Joshua Josh HalenIn 2011, the Supreme Court of the United States tightened the requirements for class action lawsuits in Wal-Mart Stores, Inc. v. Dukes, 131 S. Ct. 2541 (2011).  The plaintiffs in Dukes attempted to certify as a class to establish a class action lawsuit against Wal-Mart Stores for the perceived discriminatory policy exhibited by the company. Three female plaintiffs alleged that Wal-Mart had a discriminatory policy towards its female employees. The plaintiffs argued that Wal-Mart gave its supervisors, who controlled promotions and wages, too much subjective discretion in their promotion and wage decisions and had little oversight procedures. The three plaintiffs attempted to certify the class for approximately one and a half million individuals and were seeking declaratory relief, injunctive relief, and award of back pay. 

The Happenings of Europe's Changing Regulatory System for Credit Rating Agencies

By: Robert Wright, 2L, Journal Staff Member

Robert WrightThe European Securities and Markets Authority (“ESMA”) amendment, in effect as of June 20, 2013, seeks to address problems with Europe’s new system for regulating Credit Rating Agencies (“CRA”).  This is the third revision to Europe’s CRA regulatory system proposed by ESMA, which replaced the Committee of European Securities Regulators in the wake of the financial crisis and the Euro-debt crisis.  The amendments purport to address problems such as investor over-reliance on ratings, conflicts of interest in credit rating activities, and issues concerning the lack of transparency and competition in Europe’s new system.  However, some critics disagree that provisions included in the amendment will fit into the regulatory scheme as the ESMA suggests.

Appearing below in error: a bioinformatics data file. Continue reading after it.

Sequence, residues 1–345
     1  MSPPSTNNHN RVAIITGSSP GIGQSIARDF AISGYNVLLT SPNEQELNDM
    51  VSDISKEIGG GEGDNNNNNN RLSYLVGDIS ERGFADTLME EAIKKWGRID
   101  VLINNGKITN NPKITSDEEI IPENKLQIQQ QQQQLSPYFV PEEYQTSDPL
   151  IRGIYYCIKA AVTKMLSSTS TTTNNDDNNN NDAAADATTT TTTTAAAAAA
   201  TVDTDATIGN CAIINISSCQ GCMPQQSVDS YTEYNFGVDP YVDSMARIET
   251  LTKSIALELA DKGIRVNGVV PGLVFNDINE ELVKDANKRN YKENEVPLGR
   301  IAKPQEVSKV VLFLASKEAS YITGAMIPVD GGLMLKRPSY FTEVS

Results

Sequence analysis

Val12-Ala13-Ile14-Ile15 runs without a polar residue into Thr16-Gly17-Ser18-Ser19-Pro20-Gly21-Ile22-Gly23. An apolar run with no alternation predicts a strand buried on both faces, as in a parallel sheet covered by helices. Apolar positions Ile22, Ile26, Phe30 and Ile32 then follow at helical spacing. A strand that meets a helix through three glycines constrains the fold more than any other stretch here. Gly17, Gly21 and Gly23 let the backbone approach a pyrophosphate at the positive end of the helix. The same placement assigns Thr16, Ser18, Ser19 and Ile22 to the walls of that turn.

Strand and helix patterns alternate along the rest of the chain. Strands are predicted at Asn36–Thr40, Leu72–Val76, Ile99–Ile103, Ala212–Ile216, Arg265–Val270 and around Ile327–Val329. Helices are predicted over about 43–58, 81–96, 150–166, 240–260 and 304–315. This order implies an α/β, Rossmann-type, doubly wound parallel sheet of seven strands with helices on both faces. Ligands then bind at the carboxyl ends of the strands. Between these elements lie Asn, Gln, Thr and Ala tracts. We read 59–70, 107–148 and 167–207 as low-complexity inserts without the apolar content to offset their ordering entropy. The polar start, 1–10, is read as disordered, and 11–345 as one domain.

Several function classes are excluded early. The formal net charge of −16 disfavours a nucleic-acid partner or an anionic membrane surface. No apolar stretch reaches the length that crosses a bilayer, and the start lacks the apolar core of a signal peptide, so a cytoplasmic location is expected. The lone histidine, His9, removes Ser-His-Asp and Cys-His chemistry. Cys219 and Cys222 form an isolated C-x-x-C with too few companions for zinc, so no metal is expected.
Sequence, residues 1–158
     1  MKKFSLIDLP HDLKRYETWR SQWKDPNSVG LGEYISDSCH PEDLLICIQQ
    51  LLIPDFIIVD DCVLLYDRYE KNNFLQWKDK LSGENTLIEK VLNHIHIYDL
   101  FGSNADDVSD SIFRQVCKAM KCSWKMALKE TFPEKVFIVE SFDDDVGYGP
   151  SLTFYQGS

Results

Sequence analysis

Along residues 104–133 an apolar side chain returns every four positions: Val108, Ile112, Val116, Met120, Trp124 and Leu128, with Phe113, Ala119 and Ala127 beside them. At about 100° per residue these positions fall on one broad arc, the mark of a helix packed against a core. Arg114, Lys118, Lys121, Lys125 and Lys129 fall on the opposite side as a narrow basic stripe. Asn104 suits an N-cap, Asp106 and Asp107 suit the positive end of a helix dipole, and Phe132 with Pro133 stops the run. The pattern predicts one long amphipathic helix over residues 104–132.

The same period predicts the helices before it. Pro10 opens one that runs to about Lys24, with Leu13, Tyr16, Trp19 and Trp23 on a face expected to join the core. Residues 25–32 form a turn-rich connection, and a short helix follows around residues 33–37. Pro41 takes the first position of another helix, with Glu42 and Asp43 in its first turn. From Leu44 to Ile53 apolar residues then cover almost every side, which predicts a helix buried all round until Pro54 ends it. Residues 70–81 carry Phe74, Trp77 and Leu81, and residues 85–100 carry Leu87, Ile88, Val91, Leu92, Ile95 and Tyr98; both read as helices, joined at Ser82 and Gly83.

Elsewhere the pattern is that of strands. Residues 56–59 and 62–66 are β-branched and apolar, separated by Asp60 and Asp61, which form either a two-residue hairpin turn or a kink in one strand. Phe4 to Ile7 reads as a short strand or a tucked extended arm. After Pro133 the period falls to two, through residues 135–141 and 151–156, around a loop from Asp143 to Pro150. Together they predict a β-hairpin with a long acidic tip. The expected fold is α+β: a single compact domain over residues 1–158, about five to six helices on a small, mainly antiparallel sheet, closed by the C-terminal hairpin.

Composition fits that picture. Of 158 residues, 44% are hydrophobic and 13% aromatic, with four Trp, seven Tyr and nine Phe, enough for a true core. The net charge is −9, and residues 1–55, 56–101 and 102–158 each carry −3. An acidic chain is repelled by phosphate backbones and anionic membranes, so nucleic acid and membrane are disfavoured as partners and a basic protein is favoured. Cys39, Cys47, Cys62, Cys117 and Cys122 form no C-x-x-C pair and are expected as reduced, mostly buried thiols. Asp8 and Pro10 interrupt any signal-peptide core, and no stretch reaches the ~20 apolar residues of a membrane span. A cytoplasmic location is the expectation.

Twitter & Exchange-Traded Funds

By: Christopher Lang, 3L, Journal Staff Member

Christopher Chris LangWhen Twitter posted its Initial Public Offering (IPO), the stock gained 73% in value, going from $45.10 to $44.90.  Although the Twitter stock saw a sharp increase in value during its debut, the question still remained, however, as to whether the stock would continue to succeed or if it would depress, like what happened with the highly anticipated Facebook stock.  Two actively managed exchange-traded fund companies that have been keeping an eye on Twitter were Global X Social Media Index ETF and Renaissance IPO ETF.  

Exchange-Traded Funds: Enhanced Transparency and Deregulation

By: Albert Sementa, 3L, Journal Staff Member

Albert SementaAn ETF, or exchange-traded fund, is a form of index-based fund management, which attempts to match the performance of a particular stock market exchange, such as the S&P 500 or NASDAQ.  In contrast, in an actively-traded fund, the goal is to outperform the return of a particular index or exchange through the use of a professional investment manager who buys and sells the fund’s underlying holdings through the use of his or her discretion.  Rather than utilizing professional oversight in selecting the fund’s individual investments, a standard ETF consists simply of each stock within a particular exchange.  As G.E. Miller explains, due to lack of a need for active management within an ETF, it provides for more efficient costs onto investors in the form of less management oversight fees.  Furthermore, less frequent trading within an ETF also provides for less capital gain tax because stocks and investments are being bought and sold more seldom.  

The Power of Credit-Rating Agencies in the Wake of a Financial Crisis

By: Bonnie North, 3L, Journal Staff Member

Bonnie NorthWe just entered the year 2014, and yet, the 2008 financial crisis still holds a place inside the minds of Americans.  When thinking about the financial crisis, it is hard not to think of the credit rating agencies and the role they played in the financial meltdown.  But do not think that credit-rating agencies have forgotten about the crisis either – the big three credit-rating agencies, Standard & Poor’s, Moody’s Investors Service and Fitch Ratings, are still trying to repair their reputations.